an ample store of forays, anecdotes of bards, drinking, fighting, and Lochinvaring, &c.’ These collections seem to have been lost, and many of Callanan's own poems have perished, having never been committed to paper, though retained in his powerful memory and frequently recited by himself. At length his health failed, and he accepted a tutorship at Lisbon, where he spent the last two years of his life, dying of consumption on 19 Sept. 1829, after an ineffectual endeavour to return to Ireland.
Like most Irish poets, Callanan was a pure lyrist, with no reach or depth of thought, no creative imagination, and no proper originality, but endowed with abundance of fancy, melody, and feeling. His only sustained effort, ‘The Recluse of Inchidony,’ is as good an imitation of ‘Childe Harold’ as could well be written, but little more. His lyrical poems leave no doubt of the genuine quality of his inspiration, but only one, ‘Gougane Barra,’ a fine example of musical and impassioned description, the alliance of the eye and the heart, has produced a deep impression or attained general celebrity. His versions of Irish ballads are very stirring, and his rendering of Luis de Leon's ‘Vida del Cielo’ is exceedingly beautiful. Some of his pieces are marked by an aversion to England, which he recanted on the passing of the Emancipation Act. His private character was amiable; he was refined and susceptible to an uncommon degree, but to no less a degree indolent, irresolute, and unpractical. His poems were collected after his death (London, 1830; reprinted at Cork, 1847 and 1861).
[Bolster's Irish Magazine, vol. iii.; memoir in Callanan's poems, 1861.]
CALLANDER, JAMES. [See Campbell, Sir James.]
CALLANDER, JOHN (d. 1789), of Craigforth, Stirlingshire, Scottish antiquary, was descended from James VI's master-smith in Scotland, John Callander, who purchased Craigforth of the earls of Livingston and Callander about 1603. His father was also John Callander; his mother, Catherine Mackenzie of Cromarty. He passed advocate at the Scottish bar, but never obtained a practice, and seems to have devoted his leisure chiefly to classical pursuits. He presented five volumes of manuscripts entitled ‘Spicilegia Antiquitatis Græcæ, sive ex veteribus Poetis deperdita Fragmenta,’ to the Society of Scottish Antiquaries in 1781, shortly after he was elected a fellow. He also presented at the same time nine volumes of manuscript annotations on Milton's ‘Paradise Lost,’ of which he had published those on Book I. in 1750. In 1766–8 he brought out in three volumes ‘Terra Australis Cognita, or Voyages to the Southern Hemisphere during the Sixteenth, Seventeenth, and Eighteenth Centuries,’ partly translated from the French of M. de Brosses, from which, however, he merely confesses to ‘have drawn many helps.’ In 1779 he published ‘An Essay towards a Literal English Version of the New Testament in the Epistle of Paul directed to the Ephesians,’ in which he gave a complete representation in English of the Greek idiom, even to the order of the words. His edition of ‘Two ancient Scottish Poems, the Gaberlunzie Man, and Christ's Kirk on the Green, with Notes and Observations,’ published at Edinburgh in 1782, displays research; but, although the notes are valuable to those unfamiliar with the Scottish language, many of his etymological remarks are unsound. Callander projected a variety of other works, including ‘Bibliotheca Septentrionalis,’ of which he printed a specimen in 1778, and a ‘History of the Ancient Music of Scotland from the age of the venerable Ossian to the beginning of the Sixteenth Century,’ in regard to which he printed ‘Proposals’ in 1781. From the preface to ‘Letters from Thomas Percy, D.D., afterwards Bishop of Dromore, John Callander of Craigforth, Esq., and others, to George Paton,’ which appeared at Edinburgh in 1830, we learn that Callander had a taste for music, and was an excellent performer on the violin, and that in his latter years he became very retired in his habits, and saw little company, his mind being deeply affected by a religious melancholy which unfitted him for society. He died, ‘at a good old age,’ at Craigforth on 14 Sept. 1789. By his wife, Mary, daughter of Sir James Livingstone, he had seventeen children. His eldest son, James, assumed the name of Campbell [see Campbell, Sir James].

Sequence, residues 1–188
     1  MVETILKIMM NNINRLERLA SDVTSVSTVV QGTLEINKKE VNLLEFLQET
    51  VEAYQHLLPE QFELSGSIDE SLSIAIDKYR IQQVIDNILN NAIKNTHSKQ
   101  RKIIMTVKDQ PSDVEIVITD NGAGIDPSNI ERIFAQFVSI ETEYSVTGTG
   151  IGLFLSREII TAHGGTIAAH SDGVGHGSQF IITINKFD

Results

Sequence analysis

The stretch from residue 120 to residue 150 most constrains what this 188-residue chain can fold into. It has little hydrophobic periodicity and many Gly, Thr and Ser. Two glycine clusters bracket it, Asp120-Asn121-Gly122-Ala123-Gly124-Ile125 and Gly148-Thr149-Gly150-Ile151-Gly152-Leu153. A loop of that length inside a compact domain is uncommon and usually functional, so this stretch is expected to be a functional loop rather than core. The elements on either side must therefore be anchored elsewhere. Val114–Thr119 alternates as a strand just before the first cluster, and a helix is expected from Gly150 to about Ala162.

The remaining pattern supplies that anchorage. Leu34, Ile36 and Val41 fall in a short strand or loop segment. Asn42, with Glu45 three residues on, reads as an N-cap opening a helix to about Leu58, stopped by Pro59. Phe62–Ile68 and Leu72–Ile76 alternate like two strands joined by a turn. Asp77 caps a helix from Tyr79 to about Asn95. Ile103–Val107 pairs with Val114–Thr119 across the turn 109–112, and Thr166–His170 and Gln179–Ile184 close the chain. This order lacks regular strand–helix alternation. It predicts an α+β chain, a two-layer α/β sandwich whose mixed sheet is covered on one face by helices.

In March 1818 an article on Callander's edition of Book I. of Milton's ‘Paradise Lost’ appeared in ‘Blackwood's Magazine,’ in which it was shown by parallel lines that much of his notes had been borrowed without acknowledgment from the annotations of Patrick Hume in the sixth edition of ‘Paradise Lost’ published by Jacob Tonson in 1695. On account of this article a committee of the Society of Antiquaries of Scotland was appointed to examine his manuscript notes of Milton in their possession, who reported that, though only a comparatively small proportion of Callander's notes were borrowed from Patrick Hume, his obligations to him were not sufficiently acknowledged.